What is a Mixing Console? – This is How it Works!

Are you excited to start mixing your very first live show? Or simply want to set up a rehearsal studio for your band? Then you need to learn more about the mixing console. Every event that has a PA or sound reinforcement system, will include this piece of invaluable equipment. Hence, before anything, ask yourself – what is a mixing console?

Well, you are in luck. In today’s article we will be discussing about the various important aspects of the mixing console. You will be able to learn about what the different components of the console are all about, and how they will function in order to help you achieve that picture perfect mix. Hopefully, by the end of this post, you will be confident enough to start mixing!

Introduction – Its purpose

Recording Studio

Photo by Andyzweb / CC BY-SA 3.0

Also referred to as an “audio mixer” or “sound mixer”, the mixing console in audio, is an electronic device used to combine (known as “mixing”), routing, and tweaking the level, tone and dynamics of various audio signals, such as from microphones used by vocalists and mics recording instruments such as drums or percussion. Other signals also include electric or electronic instruments such as the electric guitars or keyboards.

You will find mixing consoles used in numerous applications, including recording audio (in studios), public address and sound reinforcement systems, television broadcasting, and film post-production. An example of a very simple application of the mixing console, is combining signals from two microphones (perhaps used by two vocalists singing a duet) and then sending them to a power amp that drives one set of speakers simultaneously.

For live shows, signals from the mixer typically goes directly to a power amplifier (unless it is connected to powered speakers or the console has a built-in amplifier). A mixer in a nightclub may have 24 channels for mixing the signals from a rock band’s rhythm section and a few singers.

Yamaha Mixer

Photo by Oldangelmidnight / CC BY-SA 2.0

A mixer for a large concert however, may need up to 48 channels, and consoles in very large professional recording studios may need at least 72 channels.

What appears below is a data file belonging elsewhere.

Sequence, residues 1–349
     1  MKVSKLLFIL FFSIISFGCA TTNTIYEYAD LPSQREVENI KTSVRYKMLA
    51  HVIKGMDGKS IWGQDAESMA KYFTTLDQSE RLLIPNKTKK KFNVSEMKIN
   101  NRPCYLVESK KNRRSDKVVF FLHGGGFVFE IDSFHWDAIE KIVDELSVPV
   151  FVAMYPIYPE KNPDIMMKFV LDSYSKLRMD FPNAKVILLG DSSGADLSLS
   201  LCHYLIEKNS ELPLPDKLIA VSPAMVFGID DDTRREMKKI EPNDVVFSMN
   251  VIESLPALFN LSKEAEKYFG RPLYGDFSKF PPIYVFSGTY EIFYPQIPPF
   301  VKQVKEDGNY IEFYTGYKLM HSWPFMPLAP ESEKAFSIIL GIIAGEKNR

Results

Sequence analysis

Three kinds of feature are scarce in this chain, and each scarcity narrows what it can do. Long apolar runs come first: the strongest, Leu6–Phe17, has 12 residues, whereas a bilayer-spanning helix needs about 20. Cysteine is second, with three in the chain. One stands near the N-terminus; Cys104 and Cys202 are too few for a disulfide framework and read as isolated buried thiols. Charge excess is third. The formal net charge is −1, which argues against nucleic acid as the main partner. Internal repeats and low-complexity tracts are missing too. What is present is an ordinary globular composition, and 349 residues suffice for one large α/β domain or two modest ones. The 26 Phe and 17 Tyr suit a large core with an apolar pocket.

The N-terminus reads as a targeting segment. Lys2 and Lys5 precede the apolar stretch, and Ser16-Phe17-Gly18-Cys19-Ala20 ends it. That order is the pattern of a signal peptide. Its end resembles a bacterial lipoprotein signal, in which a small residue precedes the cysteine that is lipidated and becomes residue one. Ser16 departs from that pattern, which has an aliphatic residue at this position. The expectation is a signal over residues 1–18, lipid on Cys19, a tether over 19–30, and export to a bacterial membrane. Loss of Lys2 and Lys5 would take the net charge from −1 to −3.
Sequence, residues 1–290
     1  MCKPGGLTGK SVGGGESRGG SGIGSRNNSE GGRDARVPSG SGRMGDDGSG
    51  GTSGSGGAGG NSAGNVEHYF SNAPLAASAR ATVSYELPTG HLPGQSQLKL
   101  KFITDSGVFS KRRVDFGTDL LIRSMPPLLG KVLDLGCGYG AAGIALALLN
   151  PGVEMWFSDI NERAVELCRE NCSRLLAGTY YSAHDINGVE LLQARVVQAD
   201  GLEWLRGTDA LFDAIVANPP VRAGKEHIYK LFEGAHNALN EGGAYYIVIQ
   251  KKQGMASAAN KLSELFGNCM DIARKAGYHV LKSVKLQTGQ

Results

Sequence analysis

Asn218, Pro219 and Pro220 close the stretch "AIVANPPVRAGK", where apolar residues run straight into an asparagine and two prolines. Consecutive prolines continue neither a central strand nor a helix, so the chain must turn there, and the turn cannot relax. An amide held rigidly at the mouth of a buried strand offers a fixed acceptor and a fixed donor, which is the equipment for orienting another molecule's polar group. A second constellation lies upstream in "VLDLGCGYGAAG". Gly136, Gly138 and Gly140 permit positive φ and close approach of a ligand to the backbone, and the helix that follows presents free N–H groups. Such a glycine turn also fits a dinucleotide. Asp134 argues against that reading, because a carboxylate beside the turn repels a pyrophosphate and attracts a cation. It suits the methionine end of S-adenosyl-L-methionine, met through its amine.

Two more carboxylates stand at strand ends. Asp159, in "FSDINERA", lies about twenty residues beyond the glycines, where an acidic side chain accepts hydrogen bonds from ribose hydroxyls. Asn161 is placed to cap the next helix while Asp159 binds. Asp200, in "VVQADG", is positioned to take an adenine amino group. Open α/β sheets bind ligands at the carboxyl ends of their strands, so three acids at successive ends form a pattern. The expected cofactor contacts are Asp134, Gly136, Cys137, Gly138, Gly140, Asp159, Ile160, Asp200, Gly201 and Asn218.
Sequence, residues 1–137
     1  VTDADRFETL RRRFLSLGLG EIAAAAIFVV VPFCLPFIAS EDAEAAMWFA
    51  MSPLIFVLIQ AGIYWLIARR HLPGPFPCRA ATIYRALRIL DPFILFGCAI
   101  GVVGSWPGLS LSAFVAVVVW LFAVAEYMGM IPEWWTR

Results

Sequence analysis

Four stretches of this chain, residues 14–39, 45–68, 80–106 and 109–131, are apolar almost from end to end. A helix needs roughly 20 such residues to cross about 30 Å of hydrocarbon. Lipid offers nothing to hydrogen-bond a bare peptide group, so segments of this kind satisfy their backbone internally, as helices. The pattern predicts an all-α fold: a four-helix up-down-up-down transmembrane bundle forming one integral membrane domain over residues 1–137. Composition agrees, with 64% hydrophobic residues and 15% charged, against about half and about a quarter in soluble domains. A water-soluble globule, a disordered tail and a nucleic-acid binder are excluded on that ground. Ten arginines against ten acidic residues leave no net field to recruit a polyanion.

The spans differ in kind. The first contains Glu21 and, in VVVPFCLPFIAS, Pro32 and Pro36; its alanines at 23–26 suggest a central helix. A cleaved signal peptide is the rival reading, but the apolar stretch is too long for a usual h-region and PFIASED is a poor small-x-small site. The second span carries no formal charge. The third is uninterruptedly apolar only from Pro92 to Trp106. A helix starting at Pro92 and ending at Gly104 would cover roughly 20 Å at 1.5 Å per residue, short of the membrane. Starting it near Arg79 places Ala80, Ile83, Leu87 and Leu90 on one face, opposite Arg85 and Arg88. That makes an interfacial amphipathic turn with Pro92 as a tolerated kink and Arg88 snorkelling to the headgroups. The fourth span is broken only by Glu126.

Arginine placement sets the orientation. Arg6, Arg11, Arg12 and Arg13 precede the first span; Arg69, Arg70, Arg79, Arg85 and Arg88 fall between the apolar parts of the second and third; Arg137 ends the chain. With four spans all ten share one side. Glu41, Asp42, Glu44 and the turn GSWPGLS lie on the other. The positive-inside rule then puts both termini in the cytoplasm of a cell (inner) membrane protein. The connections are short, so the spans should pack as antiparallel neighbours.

Mixers do not just merely mix signals. Several other functions include supplying phantom power for condenser microphones, pan control (changing the signal’s position in the stereo field), filtering and equalization (low and high cut filters), routing and monitoring options – where various sources can be routed (depends on the mixer) to speakers or headphones for monitoring, without affecting the mixer’s main output.

Let’s look at the various sections that we will be covering today:

  • Overall structure (Analog Consoles)
  • Channel input strip
  • Master output controls
  • Metering
  • Hardware routing and patching
  • Other features

Overall structure (Analog Consoles)

The structure of a typical analog mixing console, can be divided into three major sections:

  • Channel inputs
  • Master controls
  • Audio level metering

Fundamentally, channel input strips are banks of identical mono or stereo input channels. Every single channel is designed to have rotary knobs, buttons and faders in order to allow the control of “gain” and “equalization” of the signal on each channel. Depending on the mixer’s design and model, a channel may have switches that allows the audio engineer to reroute its signal to various outputs for monitoring.

The master control section allows adjustments of the overall output levels of the mixer. This particular section consists of sub-group faders, master faders, master auxiliary knobs, bus level controls and auxiliary return level controls. Some additional parameters includes solo monitoring controls, a talk-back microphone control, and group muting controls.

Audio level meters (usually meters with needles or LEDs) are simply indicators of the level of an audio signal’s strength. They may be located above the input and master sections of the mixing console, or they could be integrated into the input and master sections themselves. The audio level meters are crucial, as it shows the sound engineer when an audio level starts to “clip” (which is usually unwanted).

Channel Strip

Photo by Gavin Tapp / CC BY 2.0

Channel input strip

When you take a look at a channel strip on a mixing console, you will realise that it is usually divided into these various sections, in this order (starting from the very top):

  1. Input jacks (1/4″ jack)
  2. Microphone pre-amplifiers (XLR input)
  3. Equalization (semi-parametric, parametric)
  4. Dynamics processing (compression, gating etc.)
  5. Routing switches/knobs (aux-sends, panning control, sub-group outputs)
  6. Input faders

You will find that on most consoles, these different sections are “colour-coded” to make it easier to identify by the operator. Each signal that is patched into the mixer (via its inputs) has its own “channel”. Depending on the mixer’s model, each channel could be stereo or mono. It is almost a universal standard for every mixer to have channels with XLR inputs, RCA or 1/4″ TRS line inputs.

To make it easier for us to further discuss this section, we will divide it into several parts:

  • Basic input controls